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FILM ARTICLE

WATCH: First Trailer For Spike Lee's CHIRAQ Brings Satirical Laughs & Furious Anger

Are we finally about to see the next great Spike Lee joint?

Da Sweet Blood of Jesus, the iconic filmmaker's first 2015 release, and a misguided remake of the criminally underrated 1973 horror movie Ganja & Hess, certainly wasn't it. Neither were 2013's equally unnecessary Oldboy remake or the well-intentioned but woefully uneven Red Hook Summer. Frankly, there hasn't been a great Spike Lee joint, narrative feature wise, since 2006's Inside Man, and that film's greatness is even up for debate.

The first trailer for the already-controversial Chiraq, though, suggests that it could be Lee's most exciting new non-documentary film since, well, the nine-year-old Inside Man. A modernized version of Greek playwright Aristophanes' Lysistrata, Chiraq puts the Brooklyn-born director squarely back into his Do the Right Thing zone, but with more laughs. Teyonah Parris (Mad Men, Dear White People) plays Lysistrata, a beautiful and confident young woman who organizes her fellow women to boycott having sex with Chicago's men—including Nick Cannon as a thug and Dave Chappelle as a guy who loves strippers, apparently—in hopes of putting an end to the Windy City’s overwhelmingly large amount of gun violence.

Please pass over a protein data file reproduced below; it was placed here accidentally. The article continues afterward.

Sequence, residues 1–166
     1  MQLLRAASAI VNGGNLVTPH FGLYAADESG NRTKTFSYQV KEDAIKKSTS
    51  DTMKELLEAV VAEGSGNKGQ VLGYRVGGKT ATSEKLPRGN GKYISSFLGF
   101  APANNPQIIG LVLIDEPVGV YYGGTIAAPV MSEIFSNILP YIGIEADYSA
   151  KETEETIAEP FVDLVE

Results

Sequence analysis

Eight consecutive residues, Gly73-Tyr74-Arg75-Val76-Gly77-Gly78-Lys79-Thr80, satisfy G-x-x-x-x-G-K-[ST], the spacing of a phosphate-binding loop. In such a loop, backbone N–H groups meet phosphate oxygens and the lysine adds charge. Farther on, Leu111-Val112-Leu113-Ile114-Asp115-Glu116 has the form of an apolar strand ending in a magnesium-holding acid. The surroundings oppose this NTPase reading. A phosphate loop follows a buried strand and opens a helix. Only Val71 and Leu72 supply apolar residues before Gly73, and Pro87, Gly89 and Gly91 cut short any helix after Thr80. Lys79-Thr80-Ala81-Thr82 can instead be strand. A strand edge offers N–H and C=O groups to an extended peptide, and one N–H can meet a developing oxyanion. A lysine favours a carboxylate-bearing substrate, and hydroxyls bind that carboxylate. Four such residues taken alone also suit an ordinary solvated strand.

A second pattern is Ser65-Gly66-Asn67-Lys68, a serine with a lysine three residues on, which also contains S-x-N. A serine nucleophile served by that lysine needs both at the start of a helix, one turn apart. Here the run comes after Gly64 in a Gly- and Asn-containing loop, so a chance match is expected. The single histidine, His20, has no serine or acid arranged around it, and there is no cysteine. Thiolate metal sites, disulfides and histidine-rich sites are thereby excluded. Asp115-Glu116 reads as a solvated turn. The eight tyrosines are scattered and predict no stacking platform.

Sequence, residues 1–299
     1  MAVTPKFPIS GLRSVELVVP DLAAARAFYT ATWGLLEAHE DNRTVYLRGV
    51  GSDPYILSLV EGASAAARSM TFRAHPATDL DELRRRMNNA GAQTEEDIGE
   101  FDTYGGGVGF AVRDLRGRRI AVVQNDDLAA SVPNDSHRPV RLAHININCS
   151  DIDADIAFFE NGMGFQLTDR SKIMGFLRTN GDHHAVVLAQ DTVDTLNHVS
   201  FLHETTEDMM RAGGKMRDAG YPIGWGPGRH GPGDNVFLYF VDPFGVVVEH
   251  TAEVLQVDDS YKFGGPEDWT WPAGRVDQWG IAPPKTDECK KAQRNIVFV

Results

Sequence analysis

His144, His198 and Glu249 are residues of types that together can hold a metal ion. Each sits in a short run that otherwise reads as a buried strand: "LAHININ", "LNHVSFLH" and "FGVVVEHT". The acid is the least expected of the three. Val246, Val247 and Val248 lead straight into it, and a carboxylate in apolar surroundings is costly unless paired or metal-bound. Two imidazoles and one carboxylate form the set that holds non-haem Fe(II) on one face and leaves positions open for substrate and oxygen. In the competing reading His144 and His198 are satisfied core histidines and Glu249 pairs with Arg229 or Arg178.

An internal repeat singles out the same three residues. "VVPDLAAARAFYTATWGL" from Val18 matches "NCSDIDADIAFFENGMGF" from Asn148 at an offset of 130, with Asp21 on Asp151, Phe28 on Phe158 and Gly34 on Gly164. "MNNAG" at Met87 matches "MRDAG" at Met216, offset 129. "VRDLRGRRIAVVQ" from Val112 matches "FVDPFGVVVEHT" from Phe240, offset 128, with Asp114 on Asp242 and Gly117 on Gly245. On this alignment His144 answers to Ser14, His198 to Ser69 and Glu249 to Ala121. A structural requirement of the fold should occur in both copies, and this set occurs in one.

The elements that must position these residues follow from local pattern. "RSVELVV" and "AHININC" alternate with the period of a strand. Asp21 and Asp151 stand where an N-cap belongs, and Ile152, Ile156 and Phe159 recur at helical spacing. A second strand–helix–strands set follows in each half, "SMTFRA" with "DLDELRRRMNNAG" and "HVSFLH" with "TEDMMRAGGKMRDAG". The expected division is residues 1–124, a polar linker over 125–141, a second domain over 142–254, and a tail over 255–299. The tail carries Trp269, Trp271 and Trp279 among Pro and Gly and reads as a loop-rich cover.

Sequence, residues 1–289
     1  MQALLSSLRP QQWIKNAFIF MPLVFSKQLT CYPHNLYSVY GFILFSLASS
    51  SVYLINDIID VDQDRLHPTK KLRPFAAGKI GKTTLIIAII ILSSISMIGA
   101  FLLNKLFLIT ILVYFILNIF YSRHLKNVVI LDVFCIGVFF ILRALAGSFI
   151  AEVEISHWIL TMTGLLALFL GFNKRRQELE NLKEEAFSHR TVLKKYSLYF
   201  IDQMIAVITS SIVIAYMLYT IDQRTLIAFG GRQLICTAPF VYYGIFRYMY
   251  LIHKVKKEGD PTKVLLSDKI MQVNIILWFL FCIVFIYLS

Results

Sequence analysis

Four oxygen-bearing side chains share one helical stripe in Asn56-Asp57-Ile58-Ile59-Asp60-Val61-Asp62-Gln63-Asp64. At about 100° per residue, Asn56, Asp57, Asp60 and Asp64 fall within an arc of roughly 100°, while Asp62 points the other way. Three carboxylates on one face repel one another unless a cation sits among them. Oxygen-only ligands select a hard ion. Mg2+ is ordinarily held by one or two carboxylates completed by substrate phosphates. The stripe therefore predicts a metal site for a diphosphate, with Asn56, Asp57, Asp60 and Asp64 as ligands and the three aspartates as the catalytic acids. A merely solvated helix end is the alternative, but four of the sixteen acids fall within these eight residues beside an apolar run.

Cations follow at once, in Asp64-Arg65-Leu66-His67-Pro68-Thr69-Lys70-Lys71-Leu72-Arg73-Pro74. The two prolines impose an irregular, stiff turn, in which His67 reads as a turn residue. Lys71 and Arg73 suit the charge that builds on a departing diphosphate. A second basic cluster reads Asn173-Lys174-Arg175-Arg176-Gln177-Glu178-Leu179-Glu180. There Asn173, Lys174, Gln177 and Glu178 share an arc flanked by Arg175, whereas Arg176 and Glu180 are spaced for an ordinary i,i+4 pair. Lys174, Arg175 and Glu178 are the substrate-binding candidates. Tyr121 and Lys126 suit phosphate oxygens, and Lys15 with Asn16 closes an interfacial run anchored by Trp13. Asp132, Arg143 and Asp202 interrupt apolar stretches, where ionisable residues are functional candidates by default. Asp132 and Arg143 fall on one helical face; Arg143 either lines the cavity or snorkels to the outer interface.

The high-energy trailer is quintessential Spike, with Samuel L. Jackson's playing a kind of flamboyant, pimp-minded commentator, an oddly cast John Cusack as some kind of aggressive preacher, Wesley Snipes wearing an eye-patch and looking like a drug kingpin, and its satirical wit pitched at the level of School Daze. Its 150 seconds alone look and feel stronger and more focused than any of the director's recent efforts. Lee's clearly enthused by the project, having completed Chiraq and readied it for an awards-season-friendly early December theatrical release in merely six months. And because he's Spike Lee, he's been met with polarized feelings, stemming from how the film’s title, a popular, Iraq-derived nickname for the Illinois city within its borders, casts a negative mainstream light on Chicago.

If you thought Quentin Tarantino's The Hateful Eight press run would be contentiously vibrant, just wait until Lee starts his Chiraq push. In the meantime, check out the film's trailer here in anticipation of Chiraq's limited release on December 4.

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